Early Warnings pay off after Indian Ocean tsunami alerts

تم النشر: 12 أبريل 2012 15:21 CET

The 8.7 earthquake that struck off the coast of the Indonesian Island of Sumatra on April 11 brought a sense of foreboding that the region might see a repeat of the 2004 Indian Ocean tsunami which caused widespread devastation to coastal communities across thirteen countries. Fortunately the tsunami never materialized, but it was clear that this time, communities were significantly better prepared than in 2004.

In Indonesia, sirens triggered by the national tsunami early warning system alerted people in towns and villages along the coast in Aceh, North Sumatra, West Sumatra and Bengkulu provinces and Indonesian Red Cross Society volunteers were on hand to help in the evacuation process.

“Our volunteers used cars and motor cycles and told people to keep calm, follow the evacuation routes to higher places and stay there until the tsunami warning was lifted,” said Khairil, head of office of the Indonesian Red Cross Society Aceh chapter.

The Red Cross also played a vital role in communicating essential information. Radio RPMI a local Indonesian Red Cross licensed Radio station based in Banda Aceh swung into action and started relaying messages throughout the region. The team called people live on the radio in different disaster prone towns to receive updates from community members on what was happening on the ground. The Radio station was also able to share information based on updates received from the Red Cross disaster management team, the weather bureau and NGOs operating in different sections of the community.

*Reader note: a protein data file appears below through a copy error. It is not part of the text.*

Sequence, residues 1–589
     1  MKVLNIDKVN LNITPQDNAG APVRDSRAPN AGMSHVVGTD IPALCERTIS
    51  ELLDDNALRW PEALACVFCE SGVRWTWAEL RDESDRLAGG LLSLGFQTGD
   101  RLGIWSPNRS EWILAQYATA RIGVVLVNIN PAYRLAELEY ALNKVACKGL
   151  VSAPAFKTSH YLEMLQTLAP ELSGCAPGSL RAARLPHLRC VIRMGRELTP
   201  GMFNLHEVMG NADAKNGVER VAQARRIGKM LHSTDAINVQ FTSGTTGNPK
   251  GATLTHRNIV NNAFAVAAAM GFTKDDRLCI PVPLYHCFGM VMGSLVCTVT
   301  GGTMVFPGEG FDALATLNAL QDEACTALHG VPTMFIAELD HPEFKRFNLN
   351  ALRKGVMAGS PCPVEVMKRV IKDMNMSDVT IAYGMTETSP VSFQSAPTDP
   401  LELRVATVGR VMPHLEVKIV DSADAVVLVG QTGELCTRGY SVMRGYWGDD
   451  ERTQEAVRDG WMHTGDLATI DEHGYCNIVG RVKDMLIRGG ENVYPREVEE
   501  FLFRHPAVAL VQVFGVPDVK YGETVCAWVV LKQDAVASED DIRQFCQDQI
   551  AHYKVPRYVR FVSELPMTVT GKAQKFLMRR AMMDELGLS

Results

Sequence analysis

The Radio team was able to continue broadcasting information throughout the alert period as they had an emergency generator in place for times when the power went out. The broadcasts was streamed and could be heard outside of Aceh and globally on people’s smart phones, an initiative set up earlier in the year. Updates were also given through the RPMI 107 twitter and Facebook feeds.

Across the ocean in Sri Lanka, local Red Cross disaster response teams and volunteers in coastal areas in the North, South and East of the island were mobilized at the request of Sri Lanka’s Disaster Management Centre, to take a lead in helping people to evacuate.

“The early warning systems were already in place. At the grassroots level, everyone knew their role in their communities,” says Tissa Abeywickrama, director general of the Sri Lanka Red Cross Society.

The Red Cross has invested over 1.2 million Swiss francs (1.3 million USD) to put in place effective community-based early warning systems which include the training of volunteers, mock drills, and construction of community centers in safer locations, installation of warning sirens and identification of evacuation routes.

“We have trained people over and over in order to face a situation like this. Our investment on disaster mitigation and early warning certainly paid off,” says Tissa Abeywickrama.

Further west in Kenya, government officers and disaster management groups led by the Kenya Red Cross in Lamu, Malindi, Mombasa and the South Coast, moved quickly to enforce the tsunami warning issued by the government’s Emergency Operation Centre in Nairobi.

In the resort of Malindi, residents and tourists left the beaches after being informed of the alert.  “We received the alert from our regional office and were creating awareness from the morning,” says Hassan Musa, head of the Malindi branch of the Kenya Red Cross.  “The response we got was very positive, but we had life-savers stationed around the beach just in case.”